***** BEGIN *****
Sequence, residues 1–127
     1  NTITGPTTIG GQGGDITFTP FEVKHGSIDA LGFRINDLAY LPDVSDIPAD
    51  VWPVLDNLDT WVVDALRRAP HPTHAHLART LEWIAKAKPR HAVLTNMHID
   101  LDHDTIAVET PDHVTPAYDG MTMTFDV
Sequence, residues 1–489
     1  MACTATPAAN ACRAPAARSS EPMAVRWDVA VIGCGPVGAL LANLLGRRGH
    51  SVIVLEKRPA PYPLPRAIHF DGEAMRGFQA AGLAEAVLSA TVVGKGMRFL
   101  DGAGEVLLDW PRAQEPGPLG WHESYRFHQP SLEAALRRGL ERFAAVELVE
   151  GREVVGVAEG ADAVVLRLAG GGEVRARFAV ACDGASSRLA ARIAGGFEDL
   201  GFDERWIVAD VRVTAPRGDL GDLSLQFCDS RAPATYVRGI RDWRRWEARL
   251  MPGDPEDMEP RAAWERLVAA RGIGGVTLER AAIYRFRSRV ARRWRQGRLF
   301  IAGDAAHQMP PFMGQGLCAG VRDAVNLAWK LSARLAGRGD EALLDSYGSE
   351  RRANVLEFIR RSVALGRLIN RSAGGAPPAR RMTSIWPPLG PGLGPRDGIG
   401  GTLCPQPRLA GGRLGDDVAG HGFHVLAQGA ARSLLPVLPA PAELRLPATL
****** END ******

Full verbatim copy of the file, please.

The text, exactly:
Sequence, residues 1–127
     1  NTITGPTTIG GQGGDITFTP FEVKHGSIDA LGFRINDLAY LPDVSDIPAD
    51  VWPVLDNLDT WVVDALRRAP HPTHAHLART LEWIAKAKPR HAVLTNMHID
   101  LDHDTIAVET PDHVTPAYDG MTMTFDV
Sequence, residues 1–489
     1  MACTATPAAN ACRAPAARSS EPMAVRWDVA VIGCGPVGAL LANLLGRRGH
    51  SVIVLEKRPA PYPLPRAIHF DGEAMRGFQA AGLAEAVLSA TVVGKGMRFL
   101  DGAGEVLLDW PRAQEPGPLG WHESYRFHQP SLEAALRRGL ERFAAVELVE
   151  GREVVGVAEG ADAVVLRLAG GGEVRARFAV ACDGASSRLA ARIAGGFEDL
   201  GFDERWIVAD VRVTAPRGDL GDLSLQFCDS RAPATYVRGI RDWRRWEARL
   251  MPGDPEDMEP RAAWERLVAA RGIGGVTLER AAIYRFRSRV ARRWRQGRLF
   301  IAGDAAHQMP PFMGQGLCAG VRDAVNLAWK LSARLAGRGD EALLDSYGSE
   351  RRANVLEFIR RSVALGRLIN RSAGGAPPAR RMTSIWPPLG PGLGPRDGIG
   401  GTLCPQPRLA GGRLGDDVAG HGFHVLAQGA ARSLLPVLPA PAELRLPATL